Sept. 14, 2007 — While courses offered at the University of the Virgin Islands allow students to delve into a wide range of fields, there are still some skill sets in the community that have been left untapped, professors and community members said Thursday evening during a public meeting on the school's St. Thomas campus.
Hosted by officials from UVI's Department of Research and Public Service, the meeting was set up as a networking tool between school officials and local residents. UVI is working on a master plan for the future, explained department Vice-Provost Henry H. Smith, and needs the local community to come forward with ideas for new research projects and initiatives.
Representing the local farmer's collective We Grow Food Inc., Benita Martin-Samuel said the school should concentrate more on youth outreach and teaching students in elementary, junior and high schools about the university's programs. Starting high school clubs and organizations that teach students about sectors of the community such as agriculture and marine science should also be a top priority, she said.
"There should be more career awareness programs," Martin-Samuel said. "Many students out there are not interested in things like marine biology, or they don't know very much about the field and what they can do. We need to educate our students about some of the non-traditional career choices that are out there and direct them to the right resources."
Martin-Samuel's statements struck a chord with many of the attendees, who said that skills such as boat building, sailing and courses in marine mechanics are in high demand but are not a fixture in the university's curriculum. With an extensive marine science program, boat mechanics are a valued commodity at UVI, one professor said, but not many students are being trained to do the work.
Agriculture is another ailing profession, said Dale E.R. Morton, an extension agent with UVI's agriculture and natural resources program. Colleague Carlos Robles added that after a large batch of professionals prepares to leave government service within the next five years, there will be no one left on island with a degree in agriculture.
"We have to start training our successors to take over these kinds of jobs," Morton said.
Looking into new programs, such as agribusiness, should also be explored, university representatives said.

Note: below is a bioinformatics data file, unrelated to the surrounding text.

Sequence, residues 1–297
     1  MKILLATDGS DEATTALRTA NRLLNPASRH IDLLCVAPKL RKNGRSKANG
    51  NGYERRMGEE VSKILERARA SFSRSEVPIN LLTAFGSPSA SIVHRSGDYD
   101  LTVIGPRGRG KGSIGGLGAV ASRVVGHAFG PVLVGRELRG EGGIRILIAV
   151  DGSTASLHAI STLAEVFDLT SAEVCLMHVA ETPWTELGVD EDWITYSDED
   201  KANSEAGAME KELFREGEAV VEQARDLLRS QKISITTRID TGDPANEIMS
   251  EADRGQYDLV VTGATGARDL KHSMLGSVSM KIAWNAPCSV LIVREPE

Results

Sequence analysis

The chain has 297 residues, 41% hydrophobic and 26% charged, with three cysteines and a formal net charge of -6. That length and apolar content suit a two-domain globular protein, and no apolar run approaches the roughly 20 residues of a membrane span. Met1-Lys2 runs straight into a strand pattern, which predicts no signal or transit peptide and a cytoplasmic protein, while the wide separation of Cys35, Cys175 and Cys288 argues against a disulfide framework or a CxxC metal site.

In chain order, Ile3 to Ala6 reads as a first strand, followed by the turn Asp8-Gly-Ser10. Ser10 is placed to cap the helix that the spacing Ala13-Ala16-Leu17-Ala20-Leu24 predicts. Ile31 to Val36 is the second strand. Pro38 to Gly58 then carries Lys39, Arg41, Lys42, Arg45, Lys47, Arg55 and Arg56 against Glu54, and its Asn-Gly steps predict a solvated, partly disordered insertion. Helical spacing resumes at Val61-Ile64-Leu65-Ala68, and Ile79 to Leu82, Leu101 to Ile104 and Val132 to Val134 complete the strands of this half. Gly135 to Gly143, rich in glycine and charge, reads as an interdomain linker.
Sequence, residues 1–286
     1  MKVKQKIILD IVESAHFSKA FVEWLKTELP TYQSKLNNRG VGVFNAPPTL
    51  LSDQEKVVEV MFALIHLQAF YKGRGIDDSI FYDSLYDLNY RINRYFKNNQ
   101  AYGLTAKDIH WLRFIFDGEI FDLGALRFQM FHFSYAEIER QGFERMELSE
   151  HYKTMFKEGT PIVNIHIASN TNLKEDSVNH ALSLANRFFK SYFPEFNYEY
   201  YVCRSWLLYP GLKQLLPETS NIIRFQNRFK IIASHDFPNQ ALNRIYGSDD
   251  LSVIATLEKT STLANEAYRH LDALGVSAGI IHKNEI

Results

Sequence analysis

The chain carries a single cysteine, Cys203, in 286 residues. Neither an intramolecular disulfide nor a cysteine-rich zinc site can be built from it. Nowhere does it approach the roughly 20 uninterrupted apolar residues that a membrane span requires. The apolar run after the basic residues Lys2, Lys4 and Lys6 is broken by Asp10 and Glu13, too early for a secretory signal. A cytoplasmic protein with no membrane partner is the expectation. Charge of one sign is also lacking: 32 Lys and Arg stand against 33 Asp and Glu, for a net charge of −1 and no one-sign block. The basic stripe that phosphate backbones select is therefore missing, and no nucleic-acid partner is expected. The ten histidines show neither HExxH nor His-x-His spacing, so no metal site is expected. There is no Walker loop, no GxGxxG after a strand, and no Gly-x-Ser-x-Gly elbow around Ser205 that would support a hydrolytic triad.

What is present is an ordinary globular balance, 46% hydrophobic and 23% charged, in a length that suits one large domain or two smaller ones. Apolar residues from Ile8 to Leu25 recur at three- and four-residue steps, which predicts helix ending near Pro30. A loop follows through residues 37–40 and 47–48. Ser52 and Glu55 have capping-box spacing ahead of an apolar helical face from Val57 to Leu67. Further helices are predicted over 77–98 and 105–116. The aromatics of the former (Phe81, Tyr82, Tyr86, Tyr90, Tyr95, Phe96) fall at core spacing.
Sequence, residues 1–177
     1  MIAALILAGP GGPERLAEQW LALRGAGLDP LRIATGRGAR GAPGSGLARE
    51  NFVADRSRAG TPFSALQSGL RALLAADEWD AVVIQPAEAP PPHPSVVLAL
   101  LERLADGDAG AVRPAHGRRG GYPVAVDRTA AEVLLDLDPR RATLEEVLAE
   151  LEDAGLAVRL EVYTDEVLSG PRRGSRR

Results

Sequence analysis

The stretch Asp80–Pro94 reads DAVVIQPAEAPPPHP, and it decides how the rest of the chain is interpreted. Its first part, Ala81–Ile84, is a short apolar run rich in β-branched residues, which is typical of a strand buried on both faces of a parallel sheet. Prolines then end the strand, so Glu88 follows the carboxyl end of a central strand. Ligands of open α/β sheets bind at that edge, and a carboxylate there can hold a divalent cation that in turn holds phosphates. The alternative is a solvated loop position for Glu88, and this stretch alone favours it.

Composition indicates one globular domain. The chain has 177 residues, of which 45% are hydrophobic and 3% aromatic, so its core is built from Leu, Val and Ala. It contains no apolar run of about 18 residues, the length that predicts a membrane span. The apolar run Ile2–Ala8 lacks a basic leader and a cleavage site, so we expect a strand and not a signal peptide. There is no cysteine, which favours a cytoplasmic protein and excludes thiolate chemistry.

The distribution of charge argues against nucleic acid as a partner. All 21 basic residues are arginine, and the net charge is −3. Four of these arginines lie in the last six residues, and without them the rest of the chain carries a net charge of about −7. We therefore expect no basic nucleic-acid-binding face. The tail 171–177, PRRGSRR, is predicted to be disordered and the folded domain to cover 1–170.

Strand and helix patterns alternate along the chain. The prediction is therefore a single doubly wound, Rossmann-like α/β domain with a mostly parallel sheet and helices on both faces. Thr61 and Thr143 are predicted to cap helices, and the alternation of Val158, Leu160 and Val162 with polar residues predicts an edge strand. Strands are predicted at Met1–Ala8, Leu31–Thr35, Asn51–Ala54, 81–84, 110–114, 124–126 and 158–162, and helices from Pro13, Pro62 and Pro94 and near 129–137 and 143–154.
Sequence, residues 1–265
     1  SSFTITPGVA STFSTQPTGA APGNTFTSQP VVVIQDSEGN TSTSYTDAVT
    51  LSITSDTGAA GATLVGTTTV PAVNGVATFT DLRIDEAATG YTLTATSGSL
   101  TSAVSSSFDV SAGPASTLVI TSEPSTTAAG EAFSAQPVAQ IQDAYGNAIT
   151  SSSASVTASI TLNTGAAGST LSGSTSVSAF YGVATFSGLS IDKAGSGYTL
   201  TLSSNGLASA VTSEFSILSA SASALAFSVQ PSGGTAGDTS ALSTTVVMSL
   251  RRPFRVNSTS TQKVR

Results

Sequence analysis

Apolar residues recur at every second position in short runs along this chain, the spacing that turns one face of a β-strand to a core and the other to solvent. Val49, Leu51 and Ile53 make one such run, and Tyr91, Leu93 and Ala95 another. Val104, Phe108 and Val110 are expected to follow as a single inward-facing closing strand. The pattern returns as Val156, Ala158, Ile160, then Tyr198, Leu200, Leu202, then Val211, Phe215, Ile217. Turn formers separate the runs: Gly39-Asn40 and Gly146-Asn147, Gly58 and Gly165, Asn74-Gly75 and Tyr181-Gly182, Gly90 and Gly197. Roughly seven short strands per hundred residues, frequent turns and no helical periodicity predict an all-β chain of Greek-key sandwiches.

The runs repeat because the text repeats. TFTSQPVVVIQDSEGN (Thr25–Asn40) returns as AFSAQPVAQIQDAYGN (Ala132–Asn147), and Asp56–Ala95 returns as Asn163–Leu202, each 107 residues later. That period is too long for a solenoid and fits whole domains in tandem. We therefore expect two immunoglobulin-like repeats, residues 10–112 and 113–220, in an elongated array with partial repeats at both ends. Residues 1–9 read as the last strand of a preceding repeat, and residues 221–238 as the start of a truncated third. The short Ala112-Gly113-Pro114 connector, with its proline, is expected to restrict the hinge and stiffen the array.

"We really have to look at these things, think about them and plan strategically for how they can be implemented," Smith added.
Broadening the scope of the discussion, community members also suggested that UVI take its power to the airwaves, encouraging students through a university-run radio station. Currently, UVI has a presence on local radio programs, such as Radio One's Afternoon Mix, but does not have a comprehensive media arena in which to showcase academic programs, organizations and initiatives, residents said.
Morton added that the school, in taking the time to host various workshops and programs on a variety of different subjects, should also begin to "practice what they preach" and set an example for the community to follow.
This includes partnering with other colleges, instead of viewing them as competition, Robles said. In seeking to expand the university's curriculum, nearby schools in locales such as Puerto Rico can serve as valuable resources and can help UVI set up certification or other programs that focus on in-demand fields, such as business or aquaculture.
Topping the list of suggestions was the need for UVI to expand its communications efforts, reaching out to the local community through bulletins, public service announcements and other marketing strategies to keep residents in the loop on some of the programs offered in both districts.
"You have to package your product creatively," Martin-Samuel said. "Don't just hand out information. Show that you're doing something different."
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